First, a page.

Judy thought of her own parents. They had never been happy with her decision to join the City Guard, but they hadn't stopped her either. Would either of them made the same demand if they had been so sick? She thought they would. She had been blessed with wonderful parents, and she couldn't help but wonder if she had done enough to show them that.

"I convinced him, though. Even at seven, I had a way with words," Nick said, "I told him we could build it all back up again as a family, that he was more important than the shop."

Judy could see it in her mind's eye. Nick's mother and father were only vaguely fox-shaped phantoms, their features indistinct and shifting, but she could picture Nick. Small and earnest and unashamed about telling his father how much he loved him. She wished she could have seen that Nick for herself.

"The philosopher's stone didn't work," Nick said.

His voice was bluntly steady, but Judy thought there was a world of emotion hidden inside the words. She saw a sobbing fox kit and wished she could comfort him. Judy hugged the little fox tight, feeling his body trembling against her as he wailed. But that never could have happened. Nick was older than she was, and with the realization the kit vanished.

Reality washed over her like a cold wind, the illusion of giving comfort vanishing in an instant and returning her to the misery of her ruined arm and her own impending death.

"No one would lend my mother the money to buy back the shop, so she got the best job she could," Nick continued, "I got a job too."

"Alchemist?" Judy managed to say.

It somehow made perfect sense to her, picturing a young Nick dressed as he was in the present, the very building blocks of nature bowing to his whims. How could they not? It seemed as though there ought to be a connection between the loss of his father and his mastery of magic, as though his grief had somehow transmuted itself into the skill he needed. "You're really out of it," Nick said.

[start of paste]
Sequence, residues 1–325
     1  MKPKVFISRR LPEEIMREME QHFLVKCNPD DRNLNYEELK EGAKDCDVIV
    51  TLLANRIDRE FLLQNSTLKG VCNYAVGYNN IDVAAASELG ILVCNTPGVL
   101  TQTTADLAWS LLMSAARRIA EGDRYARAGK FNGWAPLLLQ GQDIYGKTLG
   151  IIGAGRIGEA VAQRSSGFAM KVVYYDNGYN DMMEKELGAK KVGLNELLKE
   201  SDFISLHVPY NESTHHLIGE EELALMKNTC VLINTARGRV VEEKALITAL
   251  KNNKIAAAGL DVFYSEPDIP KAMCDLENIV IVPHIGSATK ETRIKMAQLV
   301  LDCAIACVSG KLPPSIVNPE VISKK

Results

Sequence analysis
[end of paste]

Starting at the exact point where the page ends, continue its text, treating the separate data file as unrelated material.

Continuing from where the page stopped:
She felt as though his words should have been teasing, but they weren't. There was worry there, but that was alright. He just wasn't seeing the same connections that she was as her body failed her. "But I guess you're half-right. The Alchemist Guild wouldn't take on a fox as an apprentice—not that my mother could have afforded the fee anyway—but one of the alchemists did hire me to clean her lab. I think she—well, that's not important. It was beneath her apprentices to do anything so menial as sweep floors. That was a job for a fox."

Judy had never seen the inside of an alchemist's laboratory before, but she was standing in what could only be such a lab. It was a cavernous space, all filled up with workbenches covered in the same sorts of strange gadgets she had seen in Phoenix. Crumbling books and gleaming metal scrolls lined sagging shelves along the walls, complicated diagrams of straight lines and smooth curves filling up the few gaps not taken by narrow windows. The apprentices were the same mammals she herself had gone to the academy with. The cruelest ones, if she was being honest with herself, the ones who had taken delight every time she struggled and failed. The apprentices were dressed exactly like Master Rogelio's apprentice, and by comparison Nick looked particularly shabby. His simple smock was plain and unadorned, and the broom he used was taller than he was. But he was sweeping as best he could anyway, and if some sorrow had crept into his features there was still a sense of childishness to them. "You missed a spot," one of the apprentices, a tall and haughty deer, jeered.